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United States v. Zolicoffer

argued: February 10, 1989.

UNITED STATES OF AMERICA
v.
WELTON ZOLICOFFER, APPELLANT



On Appeal from the United States District Court for the Middle District of Pennsylvania, D.C. Criminal No. 88-00034-01.

Sloviter and Becker, Circuit Judges, and Pollak, District Judge.*fn* Becker, C.j., concurring.

Author: Sloviter

Opinion OF THE COURT

SLOVITER, Circuit Judge.

Welton Zolicoffer appeals from his conviction, following a jury trial, of seven offenses relating to trafficking in cocaine. Two counts dealt with possession with intent to distribute and conspiracy to distribute cocaine in violation of 21 U.S.C. §§ 841(a)(1) and 846 respectively; four counts charged use of a telephone to facilitate distribution of cocaine in violation of 21 U.S.C. § 843(b); and one count charged violation of the Travel Act, 18 U.S.C. § 1952(a)(3).

I.

Even were we not required to view the evidence most favorably to the government as the verdict winner, see Glasser v. United States, 315 U.S. 60, 80, 86 L. Ed. 680, 62 S. Ct. 457 (1942), there would be overwhelming evidence of Zolicoffer's involvement in the distribution of cocaine. Zolicoffer, a resident of Florida, was the supplier of large amounts of cocaine to Ned Oyler, a resident of Roxbury, Pennsylvania. Oyler, together with his wife Marilou, maintained a network which distributed over twenty kilograms of cocaine purchased from Zolicoffer beginning in late 1982 or early 1983. In February 1987, David and Sheila Schroll, two distributors for Oyler, approached law enforcement authorities, confessed their involvement in drug trafficking, and described Oyler's activities, including his association with Zolicoffer. David Schroll agreed to work undercover and taped his drug-related conversations with both Oyler and Zolicoffer. A search by federal agents of the Oylers' residence and business uncovered Oyler's drug records, which included references to his dealings with Zolicoffer. The Oylers thereafter agreed to cooperate with the agents.

At that time, Oyler owed Zolicoffer $37,000 for drugs Zolicoffer had previously supplied. Both Oyler and his wife spoke with Zolicoffer in several separate taped telephone conversations about payment of the $37,000 owed to him. During one of these conversations, on February 11, 1988, it was arranged that Zolicoffer would come to Pennsylvania the following day to pick up the money. On February 12 Zolicoffer was arrested upon his arrival at the Harrisburg International Airport, and thereafter charged with the crimes at issue.

II.

Zolicoffer argues first that the trial court erred in admitting evidence of other crimes. At trial, Ned Oyler testified that Zolicoffer told him that he had participated in another cocaine deal and had received fifty kilograms as a commission. In addition, David Schroll testified about meeting with Zolicoffer to discuss obtaining marijuana and dilaudid. Schroll testified that Zolicoffer told him that marijuana was available, that dilaudid was difficult to obtain and very expensive, and that he was willing to supply Schroll with cocaine. The district court rejected defendant's objections to this testimony, finding that the evidence was admissible as "background." App. at 139. Schroll also testified about a transaction for heroin in which he participated with Zolicoffer. The objection to the latter on the ground that this was inadmissible under Fed. R. Evid. 404(b) was sustained, but it does not appear that the jury was instructed to disregard the testimony. Zolicoffer now argues that the introduction of all of the above evidence was evidence of other crimes which should not have been admitted.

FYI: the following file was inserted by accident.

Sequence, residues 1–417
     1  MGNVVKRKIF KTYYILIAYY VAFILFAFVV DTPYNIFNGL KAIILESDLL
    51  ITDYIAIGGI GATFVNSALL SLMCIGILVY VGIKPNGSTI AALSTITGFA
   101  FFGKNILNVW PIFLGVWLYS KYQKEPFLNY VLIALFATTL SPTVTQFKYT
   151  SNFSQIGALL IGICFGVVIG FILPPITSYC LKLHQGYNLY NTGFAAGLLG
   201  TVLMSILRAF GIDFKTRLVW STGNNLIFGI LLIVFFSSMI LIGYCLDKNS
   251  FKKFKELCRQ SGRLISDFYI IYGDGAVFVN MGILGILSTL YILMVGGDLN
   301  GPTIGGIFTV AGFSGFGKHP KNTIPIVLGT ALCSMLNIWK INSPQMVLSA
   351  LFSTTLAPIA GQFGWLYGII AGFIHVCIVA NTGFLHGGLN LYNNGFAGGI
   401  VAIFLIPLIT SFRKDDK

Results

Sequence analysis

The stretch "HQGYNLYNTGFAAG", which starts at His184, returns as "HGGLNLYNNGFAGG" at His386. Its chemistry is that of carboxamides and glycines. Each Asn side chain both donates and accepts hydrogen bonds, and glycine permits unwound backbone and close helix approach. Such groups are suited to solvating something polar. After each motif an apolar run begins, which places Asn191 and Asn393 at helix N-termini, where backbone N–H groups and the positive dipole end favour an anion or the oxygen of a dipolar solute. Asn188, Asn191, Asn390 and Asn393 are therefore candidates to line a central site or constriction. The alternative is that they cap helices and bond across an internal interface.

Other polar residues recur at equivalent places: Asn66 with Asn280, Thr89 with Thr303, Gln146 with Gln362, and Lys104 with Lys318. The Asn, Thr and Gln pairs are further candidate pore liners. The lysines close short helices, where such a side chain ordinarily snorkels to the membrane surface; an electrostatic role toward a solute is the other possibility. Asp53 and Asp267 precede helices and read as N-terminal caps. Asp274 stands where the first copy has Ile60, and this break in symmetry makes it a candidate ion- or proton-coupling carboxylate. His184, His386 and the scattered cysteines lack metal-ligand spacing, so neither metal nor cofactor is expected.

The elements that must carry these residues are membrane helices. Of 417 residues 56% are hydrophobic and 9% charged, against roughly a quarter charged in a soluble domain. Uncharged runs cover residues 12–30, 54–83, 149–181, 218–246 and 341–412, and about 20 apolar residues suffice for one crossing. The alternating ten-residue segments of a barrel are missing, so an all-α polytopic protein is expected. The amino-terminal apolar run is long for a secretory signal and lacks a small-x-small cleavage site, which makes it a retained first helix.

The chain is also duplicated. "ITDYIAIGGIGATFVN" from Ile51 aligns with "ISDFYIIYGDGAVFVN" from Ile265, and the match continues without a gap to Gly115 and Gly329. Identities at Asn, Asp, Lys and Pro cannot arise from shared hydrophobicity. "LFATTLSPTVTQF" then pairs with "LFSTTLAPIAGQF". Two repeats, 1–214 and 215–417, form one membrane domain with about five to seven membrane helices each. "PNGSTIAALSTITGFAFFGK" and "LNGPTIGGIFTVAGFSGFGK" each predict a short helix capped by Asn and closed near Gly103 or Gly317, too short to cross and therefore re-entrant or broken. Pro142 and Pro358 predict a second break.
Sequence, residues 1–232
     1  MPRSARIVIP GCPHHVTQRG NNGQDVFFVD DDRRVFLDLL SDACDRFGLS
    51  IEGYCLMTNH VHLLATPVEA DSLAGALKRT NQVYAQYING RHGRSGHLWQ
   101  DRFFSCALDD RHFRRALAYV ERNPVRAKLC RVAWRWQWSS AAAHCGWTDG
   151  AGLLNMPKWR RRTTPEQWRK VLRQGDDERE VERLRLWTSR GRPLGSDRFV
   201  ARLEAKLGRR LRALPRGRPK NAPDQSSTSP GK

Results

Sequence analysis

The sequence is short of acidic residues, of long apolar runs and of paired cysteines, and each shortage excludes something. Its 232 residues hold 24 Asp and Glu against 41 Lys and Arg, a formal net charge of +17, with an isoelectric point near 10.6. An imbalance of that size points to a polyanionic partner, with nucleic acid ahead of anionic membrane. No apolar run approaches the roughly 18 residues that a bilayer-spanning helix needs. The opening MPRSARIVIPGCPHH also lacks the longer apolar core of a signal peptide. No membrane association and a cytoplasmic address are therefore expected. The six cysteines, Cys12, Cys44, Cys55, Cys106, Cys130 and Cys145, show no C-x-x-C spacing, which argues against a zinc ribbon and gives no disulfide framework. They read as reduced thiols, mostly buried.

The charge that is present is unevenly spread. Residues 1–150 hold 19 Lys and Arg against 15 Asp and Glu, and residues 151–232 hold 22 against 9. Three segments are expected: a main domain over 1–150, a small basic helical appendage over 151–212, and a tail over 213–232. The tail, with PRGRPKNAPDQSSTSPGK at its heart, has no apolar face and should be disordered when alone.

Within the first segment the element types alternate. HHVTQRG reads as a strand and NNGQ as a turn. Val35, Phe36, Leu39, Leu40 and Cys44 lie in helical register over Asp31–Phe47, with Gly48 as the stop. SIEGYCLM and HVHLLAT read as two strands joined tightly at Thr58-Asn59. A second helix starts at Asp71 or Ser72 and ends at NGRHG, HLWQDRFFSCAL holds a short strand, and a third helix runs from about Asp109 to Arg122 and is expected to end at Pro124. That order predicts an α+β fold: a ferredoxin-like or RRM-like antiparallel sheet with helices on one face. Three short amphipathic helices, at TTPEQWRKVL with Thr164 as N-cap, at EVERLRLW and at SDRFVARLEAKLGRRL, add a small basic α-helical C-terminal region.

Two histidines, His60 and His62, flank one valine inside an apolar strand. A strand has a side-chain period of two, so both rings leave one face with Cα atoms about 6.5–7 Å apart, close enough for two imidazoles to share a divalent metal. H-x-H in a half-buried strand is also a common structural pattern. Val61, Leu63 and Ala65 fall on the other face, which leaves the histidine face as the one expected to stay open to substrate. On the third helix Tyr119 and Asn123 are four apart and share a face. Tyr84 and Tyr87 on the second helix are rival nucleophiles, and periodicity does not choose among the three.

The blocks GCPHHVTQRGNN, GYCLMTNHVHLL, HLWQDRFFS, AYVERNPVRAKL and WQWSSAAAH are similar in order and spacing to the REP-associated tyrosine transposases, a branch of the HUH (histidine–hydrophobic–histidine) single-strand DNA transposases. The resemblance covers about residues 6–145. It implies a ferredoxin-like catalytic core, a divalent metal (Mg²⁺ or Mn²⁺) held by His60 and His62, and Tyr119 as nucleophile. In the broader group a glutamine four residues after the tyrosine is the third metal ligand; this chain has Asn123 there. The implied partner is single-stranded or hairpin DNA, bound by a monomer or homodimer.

While there is no general "background" exception to Rule 404(b), we conclude that the district court did not abuse its discretion in admitting this evidence. The evidence permitted the jury to infer that Zolicoffer had access to drugs, especially cocaine, and that he was willing and hoping to engage in large scale drug transactions. In light of Zolicoffer's defense that he was engaged in a seafood distribution business rather than a drug distribution business, we find this evidence more probative than prejudicial. See United States v. Echeverri, 854 F.2d 638, 644 (3d Cir. 1988); United States v. O'Leary, 739 F.2d 135, 136-137 (3d Cir. 1984), cert. denied, 469 U.S. 1107, 83 L. Ed. 2d 776, 105 S. Ct. 782 (1985); United States v. Simmons, 679 F.2d 1042, 1050 (3d Cir. 1982), cert. denied, 462 U.S. 1134, 103 S. Ct. 3117, 77 L. Ed. 2d 1370 (1983).

Zolicoffer also argues that there was insufficient evidence to establish that the telephone calls which were the basis of the four convictions under 21 U.S.C. § 843(b) facilitated the knowing and intentional distribution of cocaine because they related to the attempt to collect the money owed to him by Oyler. This court has held that 21 U.S.C. § 843(b) can be violated by telephone calls facilitating a conspiracy. See United States v. Pierorazio, 578 F.2d 48 (3d Cir.), cert. denied, 439 U.S. 981, 99 S. Ct. 568, 58 L. Ed. 2d 652 (1978). Telephone conversations relating to a drug debt can be viewed as facilitating the conspiracy to distribute. See United States v. Theodoropoulos, 866 F.2d 587, slip op. at 19 (3d Cir. 1989). We also reject Zolicoffer's contention that the instructions on a violation of 21 U.S.C. § 843(b) were insufficient. There was no objection and the charge was not plain error.*fn1

III ...


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